For a little while, while I work on a OSR D&D Campaign.
Rockets and Mayhem “Privateers and Peril”: Story Four The Magnificent “as many as we can get”.
Setting: “The Abhva Triangle”, on the border of Quadrant III and IV of the Yami Belt (out past the regular MSN patrols)
One Scene of naval scale stealth and detection to find an Abhva transit route.
One Scene of disabling a Makara WarCruiser, to obtain the navigational data pointing back at where enslaved Janya and Kravyad captured in battle are being held before being shipped off to the closest (hidden) hiveworld.
One Scene of personal scale stealth and detection to get the assistance of the prisoners in the camp in staging a breakout.
- If previous scene is unsuccessful, go directly to combat (and a quickly diminishing pool of possible crew)
- If the previous scene was successful, a social scene for the recruiting of the hostages, and we go straight to the conclusion (success in this scene defines how many prisoners escape / sign articles of agreement).
The most significant population center in Wakal is known simply as “Capital”. An urbanized collection of residential, commercial, and (Technik) industrial use, Capital is located in the 15-km wide, half a kilometer-deep caldera of an extinct super-volcano on the southern continent.
The northwest side of the classes is broken up by irregular cracks hundreds of meters deep, with mixed use commercial and residential buildings climbing up and down those vertical surfaces. The northeast side is the mostly smooth downstream flow of long-cooled magma and serves as landing field, transshipment point, and sprawling home to the transitory gray market that calls Wakal home.
There are some extraction and refinery operations inside the caldera, using centuries outdated (and polluting) tech, but the bigger refineries are essentially city-states themselves, reachable through a well-developed and stable set of maglev corridors.
See also: Yami Belt Colony – Wakal
See also: Akash Dewan
In my imagination, somewhere between steampunk and Flash Gordon, there’s an Art Deco / Brutalist Nikola Tesla world of wonder, and that’s what I’m aiming for.
In addition to the background piece, and the story piece, there is a game mechanics piece where my jolly band of misfits and I resolve conflict and determine how chance interacts with the efforts of our protagonists. In the “tabletop role-playing game” context, I’m talking about the the game part.
We tried a few different systems before settling where we did. We looked at Slipstream, for the Savage Worlds system. We looked at Equinox / Match System. We actually tried out Rocket Age for a few sessions, but found there was a disconnect between the pulp excellence of the setting, and how effective the starting characters could be,
Which is where Fate Core (by Evil Hat Productions) comes in. Fate Core is definitely a lot more collaborative than the traditional RPG (as the gamemaster I have a plurality of discretion in the game, but not a majority), which was an is a pretty big adjustment for everyone involved. It’s also relatively setting agnostic, which means there are quite a few things tagged as “Extras” that pretty integral to *our* setting that we are left to work out the details ourselves (for better or worse, there are pretty frequent rules implementations that change how things work), such as technology, equipment, magic, wealth, and spaceships. As I said, some of the central set dressing of science-fiction.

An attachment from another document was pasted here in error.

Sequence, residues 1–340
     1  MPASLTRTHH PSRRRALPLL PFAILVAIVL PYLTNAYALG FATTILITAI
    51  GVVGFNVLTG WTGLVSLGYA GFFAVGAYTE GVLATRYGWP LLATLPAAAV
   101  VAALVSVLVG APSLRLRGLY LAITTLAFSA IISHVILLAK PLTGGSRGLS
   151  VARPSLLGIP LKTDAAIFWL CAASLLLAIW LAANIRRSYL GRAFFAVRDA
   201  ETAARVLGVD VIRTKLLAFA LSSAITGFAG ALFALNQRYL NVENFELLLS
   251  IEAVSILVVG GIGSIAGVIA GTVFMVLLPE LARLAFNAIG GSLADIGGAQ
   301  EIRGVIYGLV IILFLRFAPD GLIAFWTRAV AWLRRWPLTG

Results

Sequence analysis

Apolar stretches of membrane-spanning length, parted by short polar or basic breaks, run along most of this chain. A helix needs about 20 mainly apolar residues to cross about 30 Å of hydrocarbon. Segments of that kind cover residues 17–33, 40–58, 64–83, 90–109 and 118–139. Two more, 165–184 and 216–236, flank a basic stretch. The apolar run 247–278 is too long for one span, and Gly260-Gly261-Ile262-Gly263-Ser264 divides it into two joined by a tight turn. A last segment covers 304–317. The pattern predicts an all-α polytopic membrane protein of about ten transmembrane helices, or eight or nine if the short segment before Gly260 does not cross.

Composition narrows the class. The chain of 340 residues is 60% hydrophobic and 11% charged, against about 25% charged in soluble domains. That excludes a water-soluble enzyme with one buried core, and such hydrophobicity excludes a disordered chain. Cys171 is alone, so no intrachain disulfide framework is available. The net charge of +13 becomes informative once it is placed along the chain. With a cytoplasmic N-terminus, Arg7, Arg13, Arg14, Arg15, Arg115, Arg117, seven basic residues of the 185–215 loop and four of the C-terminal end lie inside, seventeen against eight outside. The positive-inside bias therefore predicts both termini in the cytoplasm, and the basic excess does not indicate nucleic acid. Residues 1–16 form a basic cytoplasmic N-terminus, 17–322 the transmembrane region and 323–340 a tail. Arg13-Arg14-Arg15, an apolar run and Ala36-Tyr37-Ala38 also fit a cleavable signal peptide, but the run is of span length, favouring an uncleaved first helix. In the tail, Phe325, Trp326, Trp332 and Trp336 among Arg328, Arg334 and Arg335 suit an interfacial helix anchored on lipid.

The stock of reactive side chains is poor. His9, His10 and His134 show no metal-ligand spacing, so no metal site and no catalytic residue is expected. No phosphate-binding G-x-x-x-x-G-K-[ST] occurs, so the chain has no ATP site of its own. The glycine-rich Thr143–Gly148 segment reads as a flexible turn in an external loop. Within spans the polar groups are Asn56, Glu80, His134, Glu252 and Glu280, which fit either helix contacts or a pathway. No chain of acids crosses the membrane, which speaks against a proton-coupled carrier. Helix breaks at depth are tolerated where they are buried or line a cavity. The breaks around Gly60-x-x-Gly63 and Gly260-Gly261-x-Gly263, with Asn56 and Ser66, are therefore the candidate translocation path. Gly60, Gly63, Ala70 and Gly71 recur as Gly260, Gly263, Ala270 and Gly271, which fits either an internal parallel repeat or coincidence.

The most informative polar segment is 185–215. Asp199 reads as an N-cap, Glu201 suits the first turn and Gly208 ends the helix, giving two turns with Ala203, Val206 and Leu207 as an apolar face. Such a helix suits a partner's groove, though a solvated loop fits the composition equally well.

But there is a sentence in the “What Makes a Good Fate Game” that a) really sold me on trying the system, and b) turns out to be practically true in a way that enables success to build upon itself. Specifically, “Whether you’re talking about fantasy, science fiction, superheroes, or gritty cop shows, Fate works best when you use it to tell stories about people who are proactive, competent, and dramatic.”
And that’s the state we aspire to.
Season Three will feature pirate corsairs out of the Free City of Hanuruha operating under letters of marquee and reprisal against the Abhva and Makara.
Minimally, a pair of Corvette class cruisers operating in the Belt during one of the regular void devil incursions. Captaincy for at least two primary characters, first officer slots for up to two more. Crews and operating expenses for the ships provided by the free peoples of the belt. Possibly social goals of roping independent Kravyad outposts in the Belt less than sanguine about the civilizing influence of the Janya into a military alliance.
TBD is what exactly is of sufficient value to be salvaged from incursions ships to make combat rewarding enough to justify the risk.
“Dark Matter” is invisible matter that tries to hold the universe together with gravity. “Dark Energy” is invisible energy that accelerates the dispersion of the universe.
Rockets and Mayhem is a set of stories set in a dwarf galaxy where dark matter and dark energy are as thick as molasses, yet as invisible as you would expect, until the enlightened souls of the residents sing in the correct key. My friends help me tell the stories. Mostly, to the extent that genre applies, they are retro-futuristic space-fantasy of a broadly utopian vision. Think “Star Wars”, but with better representation (and hopefully, characterization) of diverse humanity.
Not that we have any humans, per se.
Rockets and Mayhem, Series Two cast:
Q Proud Mary, a Raksasa ex-convict.
Rajan, a feminine Artisan caste Siddha.
Shiv, a counter-insurgency trained Artisan, previously associated with the Janya military.
All three are associated with Paladin, a commercial fugitive retrieval concern with limited law enforcement authority during the current (Third) War with the Ice Giants from Planet X.